When I think of Morocco, I think of heat, deserts, camels, bright cloth, the smells and sounds of a bustling bazaar. When I hear “Morocco” and “wine,” my brain goes “huh?” Never entered my mind. When I saw an ad for Moroccan wine, I was so curious, I had to take a look. As they always do, wine’s stories fascinate, educate and elucidate.
Most historians agree that the Phoenicians, those seafaring wanderers, were the first to plant vines in suitable areas of Morocco (as they did in so many other areas around the Mediterranean), whose latitude and climate are very similar to California’s Santa Barbara. Hot in summer months, it is tempered by cool ocean breezes and cooler winters, which makes a winning wine-growing combination. There is evidence of a robust wine trade between Ancient Rome and Morocco, so they certainly weren’t newbies, even back in the day.
In more recent history, however, the French dramatically influenced almost a dozen countries in Africa, mostly comprising the entire northwestern African “bulge.” The Côte d’Ivoire (Ivory Coast), French Guyana, Algeria, Morocco and others were all at one time or another colonized, thus influenced by France. In most of these countries even today, French is the second language mastered after the first native or dialectical language.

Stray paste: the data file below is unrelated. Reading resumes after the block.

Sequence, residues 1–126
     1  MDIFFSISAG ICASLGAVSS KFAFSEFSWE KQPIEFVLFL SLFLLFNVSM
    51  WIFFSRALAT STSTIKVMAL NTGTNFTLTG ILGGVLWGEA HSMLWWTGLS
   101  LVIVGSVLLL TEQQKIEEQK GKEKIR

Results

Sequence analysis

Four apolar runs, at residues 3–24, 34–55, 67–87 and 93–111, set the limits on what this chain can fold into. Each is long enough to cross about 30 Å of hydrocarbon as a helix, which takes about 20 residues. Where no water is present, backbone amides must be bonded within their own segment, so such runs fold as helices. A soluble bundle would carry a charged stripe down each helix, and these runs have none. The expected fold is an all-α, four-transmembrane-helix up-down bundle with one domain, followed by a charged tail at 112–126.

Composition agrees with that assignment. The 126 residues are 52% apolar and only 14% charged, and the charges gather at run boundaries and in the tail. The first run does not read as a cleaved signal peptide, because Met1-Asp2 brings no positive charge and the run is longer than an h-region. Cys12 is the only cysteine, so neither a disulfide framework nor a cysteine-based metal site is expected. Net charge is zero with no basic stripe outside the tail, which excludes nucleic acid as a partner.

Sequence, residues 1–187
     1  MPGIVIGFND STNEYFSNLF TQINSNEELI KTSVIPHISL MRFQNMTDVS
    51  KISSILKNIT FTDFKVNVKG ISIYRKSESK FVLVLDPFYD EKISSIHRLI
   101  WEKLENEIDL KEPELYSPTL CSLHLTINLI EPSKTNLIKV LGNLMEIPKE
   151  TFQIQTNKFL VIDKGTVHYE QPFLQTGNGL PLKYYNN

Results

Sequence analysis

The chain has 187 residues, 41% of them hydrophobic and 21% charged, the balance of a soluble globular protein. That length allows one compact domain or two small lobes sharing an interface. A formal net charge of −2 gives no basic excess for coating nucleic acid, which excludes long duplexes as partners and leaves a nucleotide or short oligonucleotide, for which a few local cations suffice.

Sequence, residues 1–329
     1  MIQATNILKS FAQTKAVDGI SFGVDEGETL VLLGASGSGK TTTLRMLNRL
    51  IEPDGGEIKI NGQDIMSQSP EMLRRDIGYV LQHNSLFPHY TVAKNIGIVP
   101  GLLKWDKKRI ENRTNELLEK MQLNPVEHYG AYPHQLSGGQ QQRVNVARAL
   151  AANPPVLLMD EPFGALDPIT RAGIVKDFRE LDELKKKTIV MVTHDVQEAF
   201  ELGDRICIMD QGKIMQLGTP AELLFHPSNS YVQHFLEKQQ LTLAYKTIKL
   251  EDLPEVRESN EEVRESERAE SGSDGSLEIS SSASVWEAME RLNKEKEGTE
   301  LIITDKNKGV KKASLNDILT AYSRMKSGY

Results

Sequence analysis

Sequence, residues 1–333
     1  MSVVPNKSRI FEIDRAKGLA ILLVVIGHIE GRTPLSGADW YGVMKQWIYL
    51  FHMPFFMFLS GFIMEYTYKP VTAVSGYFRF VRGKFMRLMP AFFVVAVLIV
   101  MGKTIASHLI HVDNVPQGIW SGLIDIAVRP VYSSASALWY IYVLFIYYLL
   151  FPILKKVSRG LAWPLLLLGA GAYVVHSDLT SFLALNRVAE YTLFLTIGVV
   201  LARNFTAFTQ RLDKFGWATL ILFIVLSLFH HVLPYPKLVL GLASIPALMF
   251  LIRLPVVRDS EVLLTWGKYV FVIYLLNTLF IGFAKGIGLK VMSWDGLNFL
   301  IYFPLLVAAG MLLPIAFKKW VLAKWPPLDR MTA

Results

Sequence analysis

Well, where there’s France, wine is sure to follow. The French embedded their extensive knowledge of wide-scale viticulture in various African-Mediterranean countries (notably Algeria), and Moroccan wine production was significant up until 1956, when Morocco gained independence. At that time, there were 140,000 hectares under production, and wine production was at a peak of 3 million hectoliters.
As you might expect, when the French departed, they took a lot of their knowledge and expertise with them. But that isn’t what caused the demise of Morocco’s wine industry. As we’ve seen repeatedly, when politics and economics come between producers and wine, bad things usually happen.
Next time: Moroccan wine industry’s rise — fall — and rise again.